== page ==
WTA raise concerns about Renata Voracova’s visa being cancelled in the wake of the chaos surrounding Novak Djokovic… with body claiming Czech ‘had done nothing wrong’ prior to her departure ahead of Australian Open
- Renata Voracova was granted a medical exemption to play at Australian Open
- Like Novak Djokovic, she is not believed to be vaccinated against Covid-19
- She was asked to leave Australia amid the saga involving the men’s world No 1
The Women’s Tennis Association has raised concerns about Renata Voracova’s departure from Australia after her visa was cancelled, saying the Czech player followed the rules and had done nothing wrong.
Like Novak Djokovic, Voracova was granted a medical exemption to compete at the Australian Open despite not being vaccinated against COVID-19.
The 38-year-old doubles specialist had already played a tournament in Melbourne before she was detained by Border Force officials and asked to leave the country in the wake of the cancellation of Djokovic’s visa.
The Women’s Tennis Association has raised concerns about Renata Voracova’s departure from Australia after his visa was cancelled
Like Novak Djokovic, Voracova was granted a medical exemption to compete at the Australian Open
‘The complications experienced over the past few days where athletes have followed the approved and authorised process of receiving a medical exemption for entry into the country are unfortunate,’ the WTA said in a statement.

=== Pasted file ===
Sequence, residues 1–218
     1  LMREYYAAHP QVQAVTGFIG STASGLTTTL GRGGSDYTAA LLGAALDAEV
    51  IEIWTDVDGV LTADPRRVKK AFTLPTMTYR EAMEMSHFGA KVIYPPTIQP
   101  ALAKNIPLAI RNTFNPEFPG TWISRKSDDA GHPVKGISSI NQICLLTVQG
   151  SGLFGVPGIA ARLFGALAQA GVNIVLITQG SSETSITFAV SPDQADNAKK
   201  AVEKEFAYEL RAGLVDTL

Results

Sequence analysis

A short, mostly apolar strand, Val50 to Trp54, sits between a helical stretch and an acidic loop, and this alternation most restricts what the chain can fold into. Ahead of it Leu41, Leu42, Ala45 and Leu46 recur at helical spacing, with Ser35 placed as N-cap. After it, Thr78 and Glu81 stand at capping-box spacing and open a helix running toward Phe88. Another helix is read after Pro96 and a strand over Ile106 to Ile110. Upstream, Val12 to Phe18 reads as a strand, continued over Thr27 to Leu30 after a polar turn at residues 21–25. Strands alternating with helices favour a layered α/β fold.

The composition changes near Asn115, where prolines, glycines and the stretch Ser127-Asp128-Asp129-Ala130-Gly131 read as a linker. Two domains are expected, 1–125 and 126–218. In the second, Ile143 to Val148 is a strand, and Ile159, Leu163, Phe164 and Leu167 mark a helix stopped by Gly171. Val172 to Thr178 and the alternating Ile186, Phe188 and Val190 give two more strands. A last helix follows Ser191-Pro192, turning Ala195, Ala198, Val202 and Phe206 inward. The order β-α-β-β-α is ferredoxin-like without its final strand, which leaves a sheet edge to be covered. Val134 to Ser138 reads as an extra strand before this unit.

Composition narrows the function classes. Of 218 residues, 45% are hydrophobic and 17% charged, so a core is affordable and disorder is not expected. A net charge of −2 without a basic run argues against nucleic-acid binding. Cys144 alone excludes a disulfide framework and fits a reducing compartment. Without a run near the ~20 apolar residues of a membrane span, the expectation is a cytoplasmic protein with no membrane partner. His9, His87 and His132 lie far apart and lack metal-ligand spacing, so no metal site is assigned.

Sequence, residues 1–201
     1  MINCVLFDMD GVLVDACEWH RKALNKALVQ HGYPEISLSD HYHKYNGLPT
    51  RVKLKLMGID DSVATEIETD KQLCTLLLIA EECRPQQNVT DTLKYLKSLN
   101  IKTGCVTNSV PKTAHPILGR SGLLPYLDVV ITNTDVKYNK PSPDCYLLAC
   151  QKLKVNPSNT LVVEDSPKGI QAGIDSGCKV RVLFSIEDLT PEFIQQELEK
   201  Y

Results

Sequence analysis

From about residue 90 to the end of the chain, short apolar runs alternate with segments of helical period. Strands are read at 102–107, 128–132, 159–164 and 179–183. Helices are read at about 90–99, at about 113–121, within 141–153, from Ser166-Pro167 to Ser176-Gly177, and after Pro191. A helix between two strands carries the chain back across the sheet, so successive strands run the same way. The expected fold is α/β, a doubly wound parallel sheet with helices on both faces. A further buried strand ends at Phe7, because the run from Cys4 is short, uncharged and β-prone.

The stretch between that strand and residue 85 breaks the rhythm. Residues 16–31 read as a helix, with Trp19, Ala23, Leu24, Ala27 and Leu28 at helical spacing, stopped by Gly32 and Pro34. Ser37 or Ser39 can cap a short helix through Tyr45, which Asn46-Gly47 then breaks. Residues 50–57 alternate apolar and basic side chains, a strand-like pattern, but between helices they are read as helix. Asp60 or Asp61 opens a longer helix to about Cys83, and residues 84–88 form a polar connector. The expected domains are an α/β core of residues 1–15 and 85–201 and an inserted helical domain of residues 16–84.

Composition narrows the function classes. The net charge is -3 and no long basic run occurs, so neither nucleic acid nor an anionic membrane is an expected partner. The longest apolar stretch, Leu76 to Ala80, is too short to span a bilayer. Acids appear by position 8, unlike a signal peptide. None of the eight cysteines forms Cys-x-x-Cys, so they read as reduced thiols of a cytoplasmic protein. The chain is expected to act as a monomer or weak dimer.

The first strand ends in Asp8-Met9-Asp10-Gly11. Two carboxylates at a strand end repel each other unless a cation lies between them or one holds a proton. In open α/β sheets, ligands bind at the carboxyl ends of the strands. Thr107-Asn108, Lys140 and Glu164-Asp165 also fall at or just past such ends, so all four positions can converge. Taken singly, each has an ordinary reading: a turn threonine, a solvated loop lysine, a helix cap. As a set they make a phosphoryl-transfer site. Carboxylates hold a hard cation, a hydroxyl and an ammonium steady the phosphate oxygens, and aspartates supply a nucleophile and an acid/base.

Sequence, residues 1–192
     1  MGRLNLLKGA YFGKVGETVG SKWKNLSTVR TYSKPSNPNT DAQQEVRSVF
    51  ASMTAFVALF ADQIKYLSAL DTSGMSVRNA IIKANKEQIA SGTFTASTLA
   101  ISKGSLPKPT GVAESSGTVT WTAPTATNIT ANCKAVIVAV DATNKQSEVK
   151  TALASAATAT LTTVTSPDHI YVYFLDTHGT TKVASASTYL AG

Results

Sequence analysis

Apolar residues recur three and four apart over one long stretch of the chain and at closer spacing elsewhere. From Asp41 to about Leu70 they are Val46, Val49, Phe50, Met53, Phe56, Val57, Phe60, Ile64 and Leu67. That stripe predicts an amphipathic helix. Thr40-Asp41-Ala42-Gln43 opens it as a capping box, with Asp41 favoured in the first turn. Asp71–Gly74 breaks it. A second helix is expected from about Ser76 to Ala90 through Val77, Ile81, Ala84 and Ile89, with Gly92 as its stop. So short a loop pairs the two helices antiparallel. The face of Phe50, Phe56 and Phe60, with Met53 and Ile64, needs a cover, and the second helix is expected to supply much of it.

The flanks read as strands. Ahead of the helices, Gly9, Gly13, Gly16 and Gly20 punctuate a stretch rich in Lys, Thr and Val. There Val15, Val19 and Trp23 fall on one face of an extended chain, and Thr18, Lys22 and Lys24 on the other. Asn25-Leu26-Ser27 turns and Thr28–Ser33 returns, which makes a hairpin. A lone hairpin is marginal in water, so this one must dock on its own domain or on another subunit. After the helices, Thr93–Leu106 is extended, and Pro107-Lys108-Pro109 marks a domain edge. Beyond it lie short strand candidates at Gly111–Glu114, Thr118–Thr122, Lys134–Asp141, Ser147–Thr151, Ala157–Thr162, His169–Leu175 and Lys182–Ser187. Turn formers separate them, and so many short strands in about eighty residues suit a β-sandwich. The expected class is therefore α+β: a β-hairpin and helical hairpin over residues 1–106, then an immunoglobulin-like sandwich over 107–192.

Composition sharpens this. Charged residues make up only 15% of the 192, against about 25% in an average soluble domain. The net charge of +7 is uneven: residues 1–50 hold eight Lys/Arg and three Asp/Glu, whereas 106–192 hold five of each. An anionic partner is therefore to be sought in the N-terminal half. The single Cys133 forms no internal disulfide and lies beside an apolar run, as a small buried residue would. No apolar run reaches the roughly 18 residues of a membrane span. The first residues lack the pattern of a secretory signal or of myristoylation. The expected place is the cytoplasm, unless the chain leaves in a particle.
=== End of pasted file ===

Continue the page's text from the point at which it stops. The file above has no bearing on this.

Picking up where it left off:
‘Renata Voracova followed these rules and procedures, was cleared for entry on her arrival, competed in an event and then suddenly had her visa cancelled when she had done nothing wrong.
‘We will continue to work with authorities on addressing this unfortunate situation in an appropriate manner.’
Voracova told Luxembourg TV channel RTL Today she hoped Tennis Australia would compensate her for the expenses associated with her travel to Melbourne and for the potential prize money she has missed out on.
But Voracova – who is not vaccinated against Covid-19 – was then asked to leave the country
But the WTA say the Czech player had done nothing wrong (pictured: WTA CEO Steve Simon)
‘I hope Tennis Australia will face up to it and we don’t have to take legal steps,’ she said.
The Professional Tennis Players Association (PTPA), the breakaway players’ body launched by Novak Djokovic in 2020, said it was conducting due diligence on Voracova’s case.
‘The PTPA believes that legal certainty should be a paramount principle in any democratic society,’ it said in a statement. ‘We will continue to support and advocate for players in a manner that is acceptable to them.
‘We are grateful that Ms Voracova is safe, and we look forward to her time back on the court.’
Djokovic, whose visa was restored at a Federal court hearing on Monday, was set to return to practice at Melbourne Park on Wednesday as he awaits a decision from Immigration Minister Alex Hawke on his status.
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